Amazing Facts About Oysters
Amazing Facts About Oysters
Scottish oysters – full of nutritional value.
- Oysters have a three chambered heart, colourless blood and a pair of kidneys.
- The Ostrea genus (of which our native oyster is a member) is bisexual. These are “protandrous alternating hermaphrodites”, which means that they start off as males producing sperm then switch to egg producing females and can then switch back to being males again. Eggs produced during the female stage are held in the gills and mantle cavity and are then fertilized by sperm drawn in from the surrounding waters (larviparous). The fertilized eggs are then incubated within the oyster for 7-10 days before being expelled to begin their veliger stage in the open sea.
- The Crassostrea genus (of which the Pacific Oyster is a member) is intersexual. These oysters begin life as males and change to females the next season. They tend subsequently to remain as females but can revert to males if they so choose. In reproduction both eggs and sperm are released directly into the open sea where cross-fertilization takes place (oviparous).
- The female oyster can release well in excess of 1 million eggs over the spawning season.
- Although all oysters can secrete pearls, the pearl oyster family (Pteriidae) comes from a different family to the edible oyster. An oyster produces a pearl when a grain of sand or some other irritant becomes trapped inside. The oyster then coats it repeatedly with nacre, a combination of calcium and protein, otherwise known as Mother of Pearl, to reduce the irritation.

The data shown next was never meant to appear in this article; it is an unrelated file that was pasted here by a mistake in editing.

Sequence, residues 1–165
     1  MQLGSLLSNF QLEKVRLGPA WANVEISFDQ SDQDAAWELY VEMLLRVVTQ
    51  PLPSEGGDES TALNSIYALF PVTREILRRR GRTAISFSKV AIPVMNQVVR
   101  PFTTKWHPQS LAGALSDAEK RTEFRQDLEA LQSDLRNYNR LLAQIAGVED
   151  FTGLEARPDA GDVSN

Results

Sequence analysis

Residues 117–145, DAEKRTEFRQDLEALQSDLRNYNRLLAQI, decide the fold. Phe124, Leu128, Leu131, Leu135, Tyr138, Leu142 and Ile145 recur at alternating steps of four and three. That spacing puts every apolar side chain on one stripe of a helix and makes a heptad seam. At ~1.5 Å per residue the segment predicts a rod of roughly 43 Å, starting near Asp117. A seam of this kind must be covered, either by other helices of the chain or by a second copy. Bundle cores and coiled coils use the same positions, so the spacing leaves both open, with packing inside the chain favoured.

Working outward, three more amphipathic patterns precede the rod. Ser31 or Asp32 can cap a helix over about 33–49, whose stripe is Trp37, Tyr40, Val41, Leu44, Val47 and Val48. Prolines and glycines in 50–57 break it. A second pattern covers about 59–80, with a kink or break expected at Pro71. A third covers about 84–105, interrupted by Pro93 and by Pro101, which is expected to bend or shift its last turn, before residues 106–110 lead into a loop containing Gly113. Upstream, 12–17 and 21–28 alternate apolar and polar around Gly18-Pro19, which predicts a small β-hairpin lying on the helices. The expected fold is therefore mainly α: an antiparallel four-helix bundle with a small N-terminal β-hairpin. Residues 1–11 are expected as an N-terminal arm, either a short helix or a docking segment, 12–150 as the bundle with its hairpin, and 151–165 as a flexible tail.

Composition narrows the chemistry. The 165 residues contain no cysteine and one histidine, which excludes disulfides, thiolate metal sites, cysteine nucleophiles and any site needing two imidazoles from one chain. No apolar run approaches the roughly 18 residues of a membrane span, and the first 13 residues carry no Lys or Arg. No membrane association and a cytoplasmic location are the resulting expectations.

- Most people think that pearls are round and white; however natural pearls can be coloured yellow, rose or even black. Cultured pearls take 3-6 years to reach a commercial size and are produced by placing a polished piece of mussel shell inside the oyster.
- Among other families there is the tree oysters family (Isognomonidae) and the thorny oyster family (Spondylidae).
- Oysters are a source of vitamins A, B1 (thiamine), B2 (riboflavin), B3 (niacin), C (ascorbic acid) and D (calciferol). 6 oysters would also more than meet the daily recommended intake of iron, copper, iodine, magnesium, calcium, zinc, manganese and phosphorous.
- Oysters have been around for 180 million years and Neolithic man consumed vast quantities some five thousand years ago.
- The Chinese were probably the first to raise oysters artificially in ponds and to use their crushed shells in medicines.
- In 320BC, Aristotle pondered their regenerative process in his “Historia Animalium”. The Greeks served them in wine and used empty oyster shells as ballot papers. The word “ostracise” is derived from the Greek astrakeon (oyster shell) because the Athenians used to vote with oyster shells to banish unpopular citizens.
- The Romans imported oysters by boat direct from England to Italy and Roman Emperors paid for them by their weight in gold.
- It is said that Henry IV liked to toss back 300 as an appetizer and that Casanova reportedly consumed 50-60 oysters a day with his evening punch.
- The Guinness World Record for the most oysters eaten in 3 minutes is 187 set by Norwegian Rune Naeri in 2003. Any challengers?